The commissary even has to “feed the food,” supplying Cricket Quencher for the population of adult crickets in the commissary. “They’re not nutritious to the animals if they don’t get fed well,” says Phillips.

Diets prescribed by the veterinarian can vary from day to day and are often quite precise. “The bearded dragon is getting 15 grams of shredded beets,” notes Phillips.

In addition to their regular diet, most animals will get a treat each day, says Johnson.

Take the white-cheeked gibbons, for example.

“They get two veggies and two fruits a day, plus greens,” says Kelly Froio, their keeper. They also get Lab Diet Primate Biscuits, a type of grain cookie.

But for treats, says Johnson, they may get dried pineapple, yogurt or baby food, a favorite.

She’s not coy

Froio has a challenge on her hands.

The zoo had a pair of gibbons that had been together for about four years: an eight-year-old female named Ari and a 15-year-old male named BaHee.

But on Dec. 31, BaHee died.

“They think it was heart-related,” says Froio. That left Ari the only gibbon at the zoo. “She was alone since the first of the year.”

But a couple of months later, that changed with the arrival of Quon, a nine-year-old male.

Now Froio is playing matchmaker.

And it hasn’t been going all that well.

Ari was raised by humans by hand and may not be the best socialized gibbon. Plus, Froio says, “Females are dominant in this species anyway, and she’s especially dominant.”

Ari and Quon were introduced slowly, at first only being able to see each other, separated by barriers in their enclosure.

“After about a week, we decided everything was progressing along very nicely,” Froio says, and the gibbons were allowed to be together without a barrier. “They did really well for the first few hours.”

But that was it. “All of a sudden, it was like a switch flipped, and she decided she was going to chase him incessantly.”

Quon spent several days holed up inside a barrel in his part of the enclosure. “He wouldn’t even come out while she was nearby.”

But one bad date does not doom the courtship, and Froio will try again to introduce them. “All is not lost. There is hope.”

Bold and bashful

At the other end of the zoo, keeper Laura Isaacs tends to the wildebeests, watusis and zebras.

Their home is much like an equine stable. “It’s the same kind of smell, generally: hay, manure,” says Isaacs.

While the animals are in the barn, Isaacs cleans manure from their yard, which is landscaped like African plains. “We’re not allowed to go out with them when they’re on-exhibit.” The animals could get too close for safety.

After cleaning the yard and spreading small bales of hay for them to eat, Isaacs uses a system of pulleys to open the barn to the yard. The zebras trot right outside, but the watusis need coaxing.

“C’mon, Sriracha!” she calls. “C’mon, bud.”

Isaacs named the watusis Sriracha and Wasabi, inspired by another zoo employee who was eager for the animals to arrive last summer. “We had a security guard who asked when the wasabi were coming,” she explains. After naming one Wasabi, after the hot horseradish-like condiment served with sushi, it only seemed natural to name the other Sriracha, after the Thai hot chili pepper sauce.

The middle of the day is a time for chores for zookeepers. As an example, after the watusis, wildebeests and zebras are on exhibit, Isaacs will clean out their stalls. Tan will perform a similar task, cleaning the indoor holding area for the snow leopards and moon bears.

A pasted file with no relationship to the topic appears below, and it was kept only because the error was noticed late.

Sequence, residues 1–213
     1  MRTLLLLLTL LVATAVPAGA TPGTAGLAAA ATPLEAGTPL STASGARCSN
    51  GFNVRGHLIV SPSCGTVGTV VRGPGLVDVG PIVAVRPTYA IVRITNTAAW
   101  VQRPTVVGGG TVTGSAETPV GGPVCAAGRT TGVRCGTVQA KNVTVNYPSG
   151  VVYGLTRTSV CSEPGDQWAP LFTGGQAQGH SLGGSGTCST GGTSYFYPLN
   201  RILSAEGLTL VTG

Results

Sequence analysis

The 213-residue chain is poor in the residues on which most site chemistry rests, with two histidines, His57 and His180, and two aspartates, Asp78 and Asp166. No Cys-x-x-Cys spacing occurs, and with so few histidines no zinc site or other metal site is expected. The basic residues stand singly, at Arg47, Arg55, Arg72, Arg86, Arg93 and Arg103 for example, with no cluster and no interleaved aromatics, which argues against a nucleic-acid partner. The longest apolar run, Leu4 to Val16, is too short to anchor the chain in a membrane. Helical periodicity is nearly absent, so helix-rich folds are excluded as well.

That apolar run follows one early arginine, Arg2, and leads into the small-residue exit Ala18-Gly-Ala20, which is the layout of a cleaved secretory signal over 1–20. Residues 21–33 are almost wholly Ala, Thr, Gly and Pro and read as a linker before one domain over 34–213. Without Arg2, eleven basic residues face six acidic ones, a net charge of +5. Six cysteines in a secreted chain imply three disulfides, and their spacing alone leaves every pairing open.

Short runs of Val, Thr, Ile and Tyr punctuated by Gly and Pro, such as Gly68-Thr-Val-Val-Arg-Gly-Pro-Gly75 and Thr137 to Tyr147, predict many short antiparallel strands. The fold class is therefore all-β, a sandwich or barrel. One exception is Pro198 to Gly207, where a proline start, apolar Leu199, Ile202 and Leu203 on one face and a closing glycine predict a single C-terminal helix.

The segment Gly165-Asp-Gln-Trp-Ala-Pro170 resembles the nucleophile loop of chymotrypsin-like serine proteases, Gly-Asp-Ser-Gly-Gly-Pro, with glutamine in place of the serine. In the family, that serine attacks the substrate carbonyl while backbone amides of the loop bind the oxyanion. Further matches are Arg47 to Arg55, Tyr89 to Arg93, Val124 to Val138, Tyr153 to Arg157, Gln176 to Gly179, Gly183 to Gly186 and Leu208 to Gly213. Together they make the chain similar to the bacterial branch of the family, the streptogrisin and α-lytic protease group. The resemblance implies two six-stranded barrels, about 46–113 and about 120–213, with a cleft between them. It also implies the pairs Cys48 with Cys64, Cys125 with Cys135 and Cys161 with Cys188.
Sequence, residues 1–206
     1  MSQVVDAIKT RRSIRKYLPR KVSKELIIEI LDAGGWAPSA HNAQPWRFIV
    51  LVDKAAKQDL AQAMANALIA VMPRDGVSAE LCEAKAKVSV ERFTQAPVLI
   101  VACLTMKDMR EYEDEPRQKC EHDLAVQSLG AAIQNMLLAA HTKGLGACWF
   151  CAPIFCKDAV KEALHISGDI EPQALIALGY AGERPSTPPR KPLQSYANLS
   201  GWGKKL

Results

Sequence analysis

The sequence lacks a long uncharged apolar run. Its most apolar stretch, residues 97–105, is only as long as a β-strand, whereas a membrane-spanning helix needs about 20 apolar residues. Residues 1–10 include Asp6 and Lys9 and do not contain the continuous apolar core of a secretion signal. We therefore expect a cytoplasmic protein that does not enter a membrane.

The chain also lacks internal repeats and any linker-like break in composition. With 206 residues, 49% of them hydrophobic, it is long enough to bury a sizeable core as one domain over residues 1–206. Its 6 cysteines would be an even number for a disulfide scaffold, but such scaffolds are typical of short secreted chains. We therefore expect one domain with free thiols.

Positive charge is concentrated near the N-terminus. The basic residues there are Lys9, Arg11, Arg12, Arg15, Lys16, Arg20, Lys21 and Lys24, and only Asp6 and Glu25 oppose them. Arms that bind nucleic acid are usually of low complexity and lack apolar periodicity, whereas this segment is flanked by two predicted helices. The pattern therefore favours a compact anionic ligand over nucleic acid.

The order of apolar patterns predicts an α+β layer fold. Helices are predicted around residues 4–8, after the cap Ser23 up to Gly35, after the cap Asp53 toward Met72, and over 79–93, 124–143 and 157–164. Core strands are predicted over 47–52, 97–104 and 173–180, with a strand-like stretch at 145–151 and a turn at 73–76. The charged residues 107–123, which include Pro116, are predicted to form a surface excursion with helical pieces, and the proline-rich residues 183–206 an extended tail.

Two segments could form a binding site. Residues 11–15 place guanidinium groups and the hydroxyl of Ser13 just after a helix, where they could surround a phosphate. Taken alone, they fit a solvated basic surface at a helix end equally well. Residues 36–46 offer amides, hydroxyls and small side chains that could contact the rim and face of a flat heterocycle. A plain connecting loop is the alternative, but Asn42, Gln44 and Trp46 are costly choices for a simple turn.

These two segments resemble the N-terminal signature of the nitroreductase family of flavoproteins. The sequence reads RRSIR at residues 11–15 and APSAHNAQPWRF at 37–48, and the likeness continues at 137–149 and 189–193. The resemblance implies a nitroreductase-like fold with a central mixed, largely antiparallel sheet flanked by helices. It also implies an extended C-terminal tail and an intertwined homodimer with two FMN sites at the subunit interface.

The Big Leagues

For Jennifer Warmbold and Brett Haskins, its not animal quarters they’re scrubbing down, but the animals themselves.

Warmbold and Haskins are elephant keepers, and an elephant bath is a major event, open to the public in the elephant and giraffe pavilion. The elephants will stay in their enclosure, behind a steel-cable fence. The public is behind a railing about 10 feet from the fence. And the keepers are in a “moat” between the two.

The process starts with no elephants in the room until a stout armored steel gate rolls to the side at the back of the enclosure. People whip out their cellphones.

“Oh, wow!” exclaims Alison Range, a tourist from London. “Look at that!”

Alice the elephant ambles into the room, and the crowd gasps at her 8,420-pound size.

Haskins gives Alice a variety of commands, including “turn” and “ear,” which prompts Alice to hold her ear out from her head, making it better for washing. Haskins rinses Alice with a hose and then scrubs her with a brush and Zafari Soap, specially formulated to condition the skin and not hurt the eyes.

“They like the warm water and the scrubbing and the food,” says Warmbold, the lead keeper. A steady supply of treats accompanies the bath, including sweet potato, rice cakes and a grain pellet not unlike a dog biscuit.

“Aww, so cute,” Londoner Range says, as Haskins squirts water from the hose into Alice’s mouth.

Range; her husband, Dan; and their daughter, Amelia, 4, are in Providence for two days as part of a vacation to several parts of the United States.

“We like going to different zoos all around the world,” Range says. “We’re very impressed with this zoo.” Especially by an elephant getting a bath only a few feet away. “We’ve never seen them this close before.”

Freshman swim team

lsewhere in the zoo, in a back room not open to the public, veterinarian Dr. Kim Wojick gets her first official look at the triplet river otters, born about a month ago.

Two of the otters already have names: Clyde Junior, a male, and Dunkin’, a female. A second female doesn’t have a name yet.

“Pretty much just like a first kitten or puppy exam,” Wojick explains the checkup, which includes looking at the otters’ eyes and checking for heart murmurs and cleft palates.